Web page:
What is important here is that the invention of the "symphonic" accompaniment to support the pretensions of the Big Ballet quickly influenced all dance music in musicals, lending atmosphere and point to shows whose books could not supply them. Louisiana Purchase has a good book for its day, functional and quick on its feet. But it's unreal without imagination and sturdy without substance. It's all frippery, field expedients, setups for the Essentials. Bordoni runs a restaurant because that makes it easy for characters to come and go in the restaurant scenes, and because that enables Ryskind to pile restaurant jokes upon the abstemious Moore. The Martins wander through the action as relentlessly as La Gioconda gets around Venice. Moore's hotel room is inundated by women because the era enjoyed sex farce. A supplementary couple with the most tenuous connection to the plot keeps snagging our attention for charm duets.

    And then there's Ryskind's nagging Republicanism, a shock in Broadway's invariably liberal form, the musical. Ryskind has only just established Zorina as a victim of Nazi oppression when he paints her as yet another welfare-state freeloader: "In a few years, I get my second papers, and then I go on relief, eh? Heil Roosevelt!" Worse, the show's plot is rounded off when the quivering Moore, a presidential hopeful, cannot cross a picket line for any reason whatsoever because ... well, in a freethinking republic, it just isn't being done.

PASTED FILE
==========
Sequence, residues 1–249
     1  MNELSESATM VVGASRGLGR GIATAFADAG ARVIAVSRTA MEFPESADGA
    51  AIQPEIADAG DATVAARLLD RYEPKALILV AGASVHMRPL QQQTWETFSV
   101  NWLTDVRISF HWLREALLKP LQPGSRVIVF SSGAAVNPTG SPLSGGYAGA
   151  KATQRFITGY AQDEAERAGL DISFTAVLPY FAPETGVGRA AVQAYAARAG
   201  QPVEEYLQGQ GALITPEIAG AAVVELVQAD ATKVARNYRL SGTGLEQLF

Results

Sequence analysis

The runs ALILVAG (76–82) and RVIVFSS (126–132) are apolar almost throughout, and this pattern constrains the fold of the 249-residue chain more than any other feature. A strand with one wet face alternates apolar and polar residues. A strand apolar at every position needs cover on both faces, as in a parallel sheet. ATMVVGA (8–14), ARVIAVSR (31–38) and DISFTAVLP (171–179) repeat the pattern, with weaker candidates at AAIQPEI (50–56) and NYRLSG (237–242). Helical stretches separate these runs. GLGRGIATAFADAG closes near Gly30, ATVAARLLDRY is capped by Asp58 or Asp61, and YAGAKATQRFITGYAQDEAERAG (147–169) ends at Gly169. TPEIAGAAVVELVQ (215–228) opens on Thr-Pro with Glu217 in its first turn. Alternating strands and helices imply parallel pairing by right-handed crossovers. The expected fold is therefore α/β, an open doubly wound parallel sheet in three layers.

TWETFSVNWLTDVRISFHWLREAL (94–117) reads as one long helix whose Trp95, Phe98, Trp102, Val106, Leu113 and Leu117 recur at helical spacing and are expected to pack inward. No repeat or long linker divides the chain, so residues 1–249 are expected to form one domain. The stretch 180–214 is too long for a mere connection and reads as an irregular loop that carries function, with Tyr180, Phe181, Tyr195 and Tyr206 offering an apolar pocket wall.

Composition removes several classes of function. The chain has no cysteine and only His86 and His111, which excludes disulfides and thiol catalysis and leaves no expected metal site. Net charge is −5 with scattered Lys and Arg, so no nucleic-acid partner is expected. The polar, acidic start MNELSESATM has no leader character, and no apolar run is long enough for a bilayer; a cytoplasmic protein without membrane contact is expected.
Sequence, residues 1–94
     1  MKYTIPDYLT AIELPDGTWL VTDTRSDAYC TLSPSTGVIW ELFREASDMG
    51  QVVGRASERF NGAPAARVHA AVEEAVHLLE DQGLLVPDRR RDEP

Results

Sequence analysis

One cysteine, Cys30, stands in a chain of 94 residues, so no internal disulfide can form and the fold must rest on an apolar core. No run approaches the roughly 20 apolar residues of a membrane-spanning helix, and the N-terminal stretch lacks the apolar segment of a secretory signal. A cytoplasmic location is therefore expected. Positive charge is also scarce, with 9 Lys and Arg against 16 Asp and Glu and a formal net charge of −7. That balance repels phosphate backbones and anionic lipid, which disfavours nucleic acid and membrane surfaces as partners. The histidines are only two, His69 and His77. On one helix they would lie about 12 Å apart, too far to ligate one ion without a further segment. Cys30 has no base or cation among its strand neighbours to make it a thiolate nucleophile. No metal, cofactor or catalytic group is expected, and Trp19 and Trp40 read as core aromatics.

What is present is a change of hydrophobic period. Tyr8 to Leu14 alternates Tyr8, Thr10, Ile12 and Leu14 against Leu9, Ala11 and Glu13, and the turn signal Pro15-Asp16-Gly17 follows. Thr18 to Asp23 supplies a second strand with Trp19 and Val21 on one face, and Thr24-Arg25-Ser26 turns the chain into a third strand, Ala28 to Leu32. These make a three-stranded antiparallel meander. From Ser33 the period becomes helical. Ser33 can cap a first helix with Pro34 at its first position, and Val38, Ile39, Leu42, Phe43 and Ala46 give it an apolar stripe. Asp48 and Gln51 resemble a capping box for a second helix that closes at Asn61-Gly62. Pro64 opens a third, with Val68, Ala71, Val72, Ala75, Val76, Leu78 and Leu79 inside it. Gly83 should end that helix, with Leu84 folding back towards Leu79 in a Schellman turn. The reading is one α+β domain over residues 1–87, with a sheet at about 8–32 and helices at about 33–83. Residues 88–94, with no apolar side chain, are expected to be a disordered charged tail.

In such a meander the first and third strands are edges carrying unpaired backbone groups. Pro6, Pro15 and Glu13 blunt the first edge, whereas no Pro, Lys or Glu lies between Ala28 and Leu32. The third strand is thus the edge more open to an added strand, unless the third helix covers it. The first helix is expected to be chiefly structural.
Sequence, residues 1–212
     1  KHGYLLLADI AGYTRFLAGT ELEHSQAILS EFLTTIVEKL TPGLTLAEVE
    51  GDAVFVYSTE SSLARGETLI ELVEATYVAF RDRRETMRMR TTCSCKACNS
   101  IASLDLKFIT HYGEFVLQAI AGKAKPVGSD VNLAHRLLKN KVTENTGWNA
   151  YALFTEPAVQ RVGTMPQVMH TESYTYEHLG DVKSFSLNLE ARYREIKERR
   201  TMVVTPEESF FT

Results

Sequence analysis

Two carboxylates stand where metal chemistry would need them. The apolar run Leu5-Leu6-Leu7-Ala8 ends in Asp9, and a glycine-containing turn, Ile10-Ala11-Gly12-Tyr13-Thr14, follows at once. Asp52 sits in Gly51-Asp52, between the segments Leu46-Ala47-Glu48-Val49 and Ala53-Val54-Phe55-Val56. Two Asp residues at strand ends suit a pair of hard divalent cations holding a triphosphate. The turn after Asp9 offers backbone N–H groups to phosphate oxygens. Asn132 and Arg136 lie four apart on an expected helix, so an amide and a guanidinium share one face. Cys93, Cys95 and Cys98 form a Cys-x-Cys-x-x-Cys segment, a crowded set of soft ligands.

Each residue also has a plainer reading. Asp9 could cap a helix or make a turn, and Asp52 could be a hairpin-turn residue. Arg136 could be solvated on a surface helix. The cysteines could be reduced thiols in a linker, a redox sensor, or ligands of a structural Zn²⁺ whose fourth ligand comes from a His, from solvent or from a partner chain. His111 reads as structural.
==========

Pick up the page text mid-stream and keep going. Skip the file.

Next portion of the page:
Still, what are these cavils next to the pure pleasure of the piece? As with Porter's Let's Face It, it's absurd to complain about the parts that don't tally for us today. These two hit shows of 1940 and 1941 give us what Broadway then demanded of its top practitioners in the musical: a season's run, a solid tour of the major cities, a sale to Hollywood (Bob Hope starred in both movie versions, respectively in the Gaxton and Kaye roles), and some hit-parade action for the outstanding songs. Then the piece would fade, perhaps to be revived at the St. Louis Municipal Opera's summer season or, if innocent enough (and neither of these shows was), to be promoted for use by high-school and amateur dramatic clubs for a single generation. Then the show would vanish, but for echoes of its music on radio.

    Nowadays we cultivate the classic: the lasting show. We await the next one each season—the new Sondheim? A sleeper from downtown, East Village Puccini? A spectacle drawn from an unadaptable novel with a killer score and a production of the Hal Prince school? Paul Simon on Broadway? A lynching?

    To comprehend the 1940s, especially the Rodgers and Hammerstein influence that transformed the musical within the decade, we need to see how the concept of a successful musical changed. It had been a disposable money-spinner. Now it would be a cultural essential, something that would stay with us indefinitely in its complete truth as a Broadway show. Like the Mona Lisa and Carmen, it would be eternally on view, not just "recalled" in a radio medley by Gladys Swarthout and James Melton or summer-tented. It would not be given the crass "direct from Broadway" approach of a week on The Street leading to a national tour of cities that didn't know any better; that was mainly for Naughty Marietta, Blossom Time, The Student Prince, and other old operettas that no one cared about, anyway. Of course, there was always Show Boat and Porgy and Bess, whose scores were so very, very much alive that ... but did one actually restage old shows? Ziegfeld had put Show Boat on in 1932, three years after the original had closed; but that was a remounting of the original: the whole thing as it had been, with some cast changes. To produce a new version of an old show, one would have to have ... well, not just a hit show but a great show. And, by 1940, what would that even be?